- Special Sections
By J SWYGART
Today, just a couple of things about a couple of things.
Fireworks out of control
With ears still ringing, even as the July 4th holiday fades into memory, I’d like to suggest today that perhaps it’s time to draw a line in the sand — difficult though it may be —when it comes to this private fireworks thing in Decatur.
It’s getting out of control. And, judging from other comments heard this week, I’m not the only one that feels that way.
I mean, c’mon, is a 10-day window (essentially for disturbing the peace) before and after the 4th — as is now permitted by city ordinance — really necessary to allow local residents to celebrate their independence ... by firing exploding gunpowder into the air? It seems to me that a four-day celebration period would suffice, ending on the evening of July 4.
But more than the duration of time in which fireworks legally may be detonated in residential areas, it’s the magnitude of those explosives that is most troublesome. I’m not sure how long the Decatur ordinance has been in effect, but it seems safe to guess that since it was first enacted the types of pyrotechnics now sold over the counter to anyone willing to cash their welfare checks to get them have grown tremendously. Private fireworks displays dotting the horizon become more and more extensive with each passing year. And more annoying, if you happen to live right next door to one. But even more than bothersome, these displays have the potential to be dangerous.
So, where does it stop? When an exuberant but reckless amateur pyromaniac catches a dry summer lawn on fire, which in turn destroys an adjacent home or two? It may seem like a remote possibility — but it’s gonna happen.
Perhaps the remedy lies with the state legislature, which could curb the sale of explosive devices of the magnitude which now are increasingly popular. But that would require a cooperative effort from neighboring states, which seems to dump the problem right back on local lawmakers. And truthfully, I’m not sure how to fix it. Any suggestions? Anyone?
Dots in Blue Water
Adams County residents from north to south should take a great deal of pride in the efforts of a handful of teachers and students from South Adams School who last month traveled to Haiti to assist residents of that impoverished nation in their efforts to recover from a string of natural disasters.
Humanitarian aid to Haiti has poured in from all across the globe in the wake of deadly hurricanes and a devastating earthquake, and the group from South Adams Schools — led by science department chairman Michael Baer — deserve the thanks and praise of everyone in Adams County for their remarkable role in those recovery efforts.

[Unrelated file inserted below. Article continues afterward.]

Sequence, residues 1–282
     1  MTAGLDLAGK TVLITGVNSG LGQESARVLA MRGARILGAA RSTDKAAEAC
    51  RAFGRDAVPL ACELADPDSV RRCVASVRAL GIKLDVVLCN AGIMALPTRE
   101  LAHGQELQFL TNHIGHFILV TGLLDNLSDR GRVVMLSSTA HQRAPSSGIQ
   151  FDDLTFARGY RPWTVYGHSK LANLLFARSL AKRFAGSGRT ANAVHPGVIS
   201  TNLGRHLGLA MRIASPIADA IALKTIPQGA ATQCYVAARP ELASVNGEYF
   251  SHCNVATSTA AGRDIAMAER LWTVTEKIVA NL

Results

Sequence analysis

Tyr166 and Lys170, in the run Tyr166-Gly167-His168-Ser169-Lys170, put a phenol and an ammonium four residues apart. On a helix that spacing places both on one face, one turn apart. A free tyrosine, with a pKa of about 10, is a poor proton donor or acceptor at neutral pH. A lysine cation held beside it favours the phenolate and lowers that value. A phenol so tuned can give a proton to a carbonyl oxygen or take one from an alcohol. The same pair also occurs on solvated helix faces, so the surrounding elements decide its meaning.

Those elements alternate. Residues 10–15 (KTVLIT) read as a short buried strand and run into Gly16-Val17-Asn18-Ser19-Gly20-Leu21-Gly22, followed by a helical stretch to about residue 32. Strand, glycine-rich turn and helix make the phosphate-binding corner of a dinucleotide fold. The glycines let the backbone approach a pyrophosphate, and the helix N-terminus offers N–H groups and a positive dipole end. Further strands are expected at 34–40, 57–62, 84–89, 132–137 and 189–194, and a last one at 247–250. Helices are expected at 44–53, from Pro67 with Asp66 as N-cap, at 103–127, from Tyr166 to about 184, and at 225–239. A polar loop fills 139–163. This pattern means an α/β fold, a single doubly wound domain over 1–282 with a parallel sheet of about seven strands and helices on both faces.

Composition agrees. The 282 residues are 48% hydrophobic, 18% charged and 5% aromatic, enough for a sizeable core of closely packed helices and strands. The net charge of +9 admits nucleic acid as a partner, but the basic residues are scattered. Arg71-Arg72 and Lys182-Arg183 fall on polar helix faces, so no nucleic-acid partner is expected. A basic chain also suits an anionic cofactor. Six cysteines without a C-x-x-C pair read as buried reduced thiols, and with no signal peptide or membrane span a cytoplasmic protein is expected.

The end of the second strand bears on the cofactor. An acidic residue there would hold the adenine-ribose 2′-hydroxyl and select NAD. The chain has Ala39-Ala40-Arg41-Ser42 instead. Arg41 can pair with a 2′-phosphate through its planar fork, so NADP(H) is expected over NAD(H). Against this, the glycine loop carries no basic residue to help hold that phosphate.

By providing clean drinking water, using portable devices designed, perfected and installed by SA students, the delegation from Berne improved the quality of life for thousands of Haitians almost overnight. And of the many lives that have been forever changed, not all of them belong to Haitians. The students and teachers are to be commended.
Touring the jail
A tour of the county jail in which I participated a couple of weeks ago was a real eye-opener. And not in a particularly good way.
Despite laudable attempts by the current sheriff’s staff to make the jail cleaner and brighter, through some much-needed painting and other long-overdue housekeeping efforts, a journey into the bowels of the facility revealed a depressing and out-dated structure barely suitable for housing even those who have stepped outside the boundaries of acceptable behavior.
The lack of any natural light is what strikes you first. Even those paying their debt to society deserve an occasional glimpse at sunshine, as is required in all new jail projects.
And then there’s the lack of recreational, educational or rehabilitative facilities of any kind. Prisoners are left to do precious little other than sit. It’s hardly an environment that lends itself to rehabilitation. To the credit of Sheriff Shane Rekeweg and Chief Deputy Eric Meyer, the work release program at the jail has been given new life, and actually is generating substantial revenue for the facility.
But more than anything, the tour reinforced the belief that a new jail is needed. As state lawmakers drag their heels on serious sentencing reforms, and ponder new regulations that would require counties to house low-level felons, it’s time to step up discussions on where a jail will be built, and how it will be funded.
Hats off to Berne politicos
And finally, congratulations are in order to the chairpersons of the two political parties in Berne for fielding a full slate of candidates for this fall’s general election. With the exception of clerk-treasurer Gwen Maller, every elected official in Berne will have competition in November. And that’s wonderful.
Each candidate’s qualifications will be brought further to light as the campaign progresses later this year. But regardless of their individual merits, the candidates who agreed to place their name on the ballot — incumbents and first-timers alike — deserve the thanks of their community. There’s no such thing as having too many choices when it comes to filling political offices, and this year in Berne there’s plenty to choose from.
The writer is the opinion page editor of the Decatur Daily Democrat. Email him at: firstname.lastname@example.org